Microbleeds on MRI are associated with microinfarcts on autopsy in cerebral amyloid angiopathy

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To identify in vivo MRI markers that might correlate with cerebral microinfarcts (CMIs) on autopsy in patients with cerebral amyloid angiopathy (CAA).


We included patients with neuropathologic evidence of CAA on autopsy and available antemortem brain MRI. Clinical characteristics and in vivo MRI markers of CAA-related small vessel disease were recorded, including white matter hyperintensities, cerebral microbleeds, cortical superficial siderosis, and centrum semiovale perivascular spaces. In addition, the presence of intracerebral hemorrhage on MRI was assessed. Evaluation of the presence and number of CMIs was performed in 9 standard histology sections.


Of 49 analyzed patients with CAA, CMIs were present in 36.7%. The presence of ≥1 CMIs on autopsy was associated with higher numbers of microbleeds on antemortem MRI (median 8 [interquartile range 2.5–33.0] vs 1 [interquartile range 0–3], p = 0.003) and with the presence of intracerebral hemorrhage (44.4% vs 16.1%, p = 0.03). No associations between CMIs and other in vivo MRI markers of CAA were found. In a multivariable model adjusted for severe CAA pathology, higher numbers of microbleeds were independent predictors of the presence of CMIs on pathology.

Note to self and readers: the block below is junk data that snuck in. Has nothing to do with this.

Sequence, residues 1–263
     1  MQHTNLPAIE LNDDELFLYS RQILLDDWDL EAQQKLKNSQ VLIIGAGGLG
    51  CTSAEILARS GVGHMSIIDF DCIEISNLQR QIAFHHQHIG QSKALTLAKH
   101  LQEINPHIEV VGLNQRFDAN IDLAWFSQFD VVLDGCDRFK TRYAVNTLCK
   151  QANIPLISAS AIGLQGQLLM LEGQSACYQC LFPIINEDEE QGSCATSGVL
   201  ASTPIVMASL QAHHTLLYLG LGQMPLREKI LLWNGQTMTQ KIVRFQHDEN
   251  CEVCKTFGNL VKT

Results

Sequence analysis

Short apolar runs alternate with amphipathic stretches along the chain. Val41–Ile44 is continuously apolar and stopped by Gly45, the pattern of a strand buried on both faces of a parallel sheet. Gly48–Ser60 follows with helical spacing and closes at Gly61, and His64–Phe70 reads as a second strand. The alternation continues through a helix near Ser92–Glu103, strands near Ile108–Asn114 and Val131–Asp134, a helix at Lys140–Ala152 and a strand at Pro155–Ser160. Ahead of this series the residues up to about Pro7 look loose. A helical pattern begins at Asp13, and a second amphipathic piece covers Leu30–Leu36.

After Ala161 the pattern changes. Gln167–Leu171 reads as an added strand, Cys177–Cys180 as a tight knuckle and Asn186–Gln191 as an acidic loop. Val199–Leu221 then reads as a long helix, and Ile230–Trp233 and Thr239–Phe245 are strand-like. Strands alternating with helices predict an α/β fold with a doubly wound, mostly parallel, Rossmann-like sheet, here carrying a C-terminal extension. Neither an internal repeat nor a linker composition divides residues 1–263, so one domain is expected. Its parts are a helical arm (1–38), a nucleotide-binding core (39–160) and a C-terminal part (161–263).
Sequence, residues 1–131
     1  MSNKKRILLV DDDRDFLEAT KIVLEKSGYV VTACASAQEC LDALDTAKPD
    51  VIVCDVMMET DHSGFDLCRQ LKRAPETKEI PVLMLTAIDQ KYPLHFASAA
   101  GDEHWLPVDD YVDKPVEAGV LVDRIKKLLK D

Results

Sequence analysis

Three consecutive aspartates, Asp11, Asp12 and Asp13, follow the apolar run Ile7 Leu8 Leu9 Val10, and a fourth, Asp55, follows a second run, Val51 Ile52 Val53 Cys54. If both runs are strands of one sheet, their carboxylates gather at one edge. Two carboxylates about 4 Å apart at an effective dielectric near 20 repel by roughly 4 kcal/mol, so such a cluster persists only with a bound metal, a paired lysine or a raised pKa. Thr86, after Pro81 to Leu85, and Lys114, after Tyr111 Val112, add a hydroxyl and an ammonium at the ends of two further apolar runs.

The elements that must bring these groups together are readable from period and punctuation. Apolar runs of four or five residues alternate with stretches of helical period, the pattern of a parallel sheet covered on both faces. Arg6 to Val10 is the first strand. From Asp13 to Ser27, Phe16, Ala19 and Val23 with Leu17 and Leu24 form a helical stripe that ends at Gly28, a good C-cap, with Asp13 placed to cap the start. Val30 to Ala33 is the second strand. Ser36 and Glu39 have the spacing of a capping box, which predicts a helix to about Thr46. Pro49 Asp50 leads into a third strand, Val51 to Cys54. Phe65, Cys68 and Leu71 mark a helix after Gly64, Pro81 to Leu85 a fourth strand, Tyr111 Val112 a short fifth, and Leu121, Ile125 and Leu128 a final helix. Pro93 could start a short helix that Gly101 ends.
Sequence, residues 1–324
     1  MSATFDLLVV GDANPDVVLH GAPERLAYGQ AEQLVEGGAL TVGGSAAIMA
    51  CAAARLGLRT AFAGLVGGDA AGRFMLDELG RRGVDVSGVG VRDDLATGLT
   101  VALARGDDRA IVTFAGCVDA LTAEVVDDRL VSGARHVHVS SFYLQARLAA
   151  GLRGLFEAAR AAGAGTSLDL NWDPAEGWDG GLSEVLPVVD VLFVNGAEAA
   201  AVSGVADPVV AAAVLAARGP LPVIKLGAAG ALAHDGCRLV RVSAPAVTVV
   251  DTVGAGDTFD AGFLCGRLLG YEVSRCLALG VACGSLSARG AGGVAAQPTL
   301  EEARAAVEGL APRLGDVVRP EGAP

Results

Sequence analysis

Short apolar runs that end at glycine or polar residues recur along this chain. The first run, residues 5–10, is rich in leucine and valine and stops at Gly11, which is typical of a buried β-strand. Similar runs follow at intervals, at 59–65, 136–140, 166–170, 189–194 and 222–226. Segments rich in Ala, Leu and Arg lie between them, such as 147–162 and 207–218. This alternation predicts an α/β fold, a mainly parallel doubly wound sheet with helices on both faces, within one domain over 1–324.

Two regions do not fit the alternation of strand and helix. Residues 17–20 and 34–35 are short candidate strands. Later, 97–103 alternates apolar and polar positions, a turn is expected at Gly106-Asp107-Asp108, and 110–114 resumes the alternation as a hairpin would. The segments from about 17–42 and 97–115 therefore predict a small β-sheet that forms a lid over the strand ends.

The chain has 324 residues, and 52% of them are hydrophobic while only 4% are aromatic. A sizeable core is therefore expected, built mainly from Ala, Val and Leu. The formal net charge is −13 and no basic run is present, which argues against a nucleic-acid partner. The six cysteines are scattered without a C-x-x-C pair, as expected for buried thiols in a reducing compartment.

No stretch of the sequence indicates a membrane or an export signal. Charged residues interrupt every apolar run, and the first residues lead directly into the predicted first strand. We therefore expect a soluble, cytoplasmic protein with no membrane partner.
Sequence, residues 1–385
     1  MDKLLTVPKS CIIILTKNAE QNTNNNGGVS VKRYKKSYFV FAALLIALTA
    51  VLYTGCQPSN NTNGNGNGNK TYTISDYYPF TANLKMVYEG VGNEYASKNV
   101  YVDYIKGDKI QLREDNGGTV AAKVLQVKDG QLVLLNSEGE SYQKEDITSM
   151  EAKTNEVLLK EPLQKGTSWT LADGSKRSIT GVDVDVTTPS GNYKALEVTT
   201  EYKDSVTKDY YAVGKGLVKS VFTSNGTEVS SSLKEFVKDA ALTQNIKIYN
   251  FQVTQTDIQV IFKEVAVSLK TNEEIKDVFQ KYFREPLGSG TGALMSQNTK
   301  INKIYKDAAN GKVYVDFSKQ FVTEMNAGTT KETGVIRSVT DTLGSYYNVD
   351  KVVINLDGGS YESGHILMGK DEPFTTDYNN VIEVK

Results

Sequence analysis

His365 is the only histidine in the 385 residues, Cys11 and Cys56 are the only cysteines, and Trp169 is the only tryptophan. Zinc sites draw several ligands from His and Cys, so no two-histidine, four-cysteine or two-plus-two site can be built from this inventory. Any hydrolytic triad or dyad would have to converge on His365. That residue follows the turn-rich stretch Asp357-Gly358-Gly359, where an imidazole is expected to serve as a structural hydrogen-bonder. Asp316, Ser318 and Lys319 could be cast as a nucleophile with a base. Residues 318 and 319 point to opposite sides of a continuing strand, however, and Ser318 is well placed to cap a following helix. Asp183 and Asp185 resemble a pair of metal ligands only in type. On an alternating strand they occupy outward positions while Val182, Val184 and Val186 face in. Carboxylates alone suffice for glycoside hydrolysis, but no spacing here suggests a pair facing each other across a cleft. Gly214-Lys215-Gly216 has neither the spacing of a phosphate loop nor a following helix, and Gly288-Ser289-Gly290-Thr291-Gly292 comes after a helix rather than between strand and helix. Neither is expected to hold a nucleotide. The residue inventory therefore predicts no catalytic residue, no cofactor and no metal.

CMIs are a common finding at autopsy in patients with CAA. The strong association between MRI-observed microbleeds and CMIs at autopsy may suggest a shared underlying pathophysiologic mechanism between these lesions.

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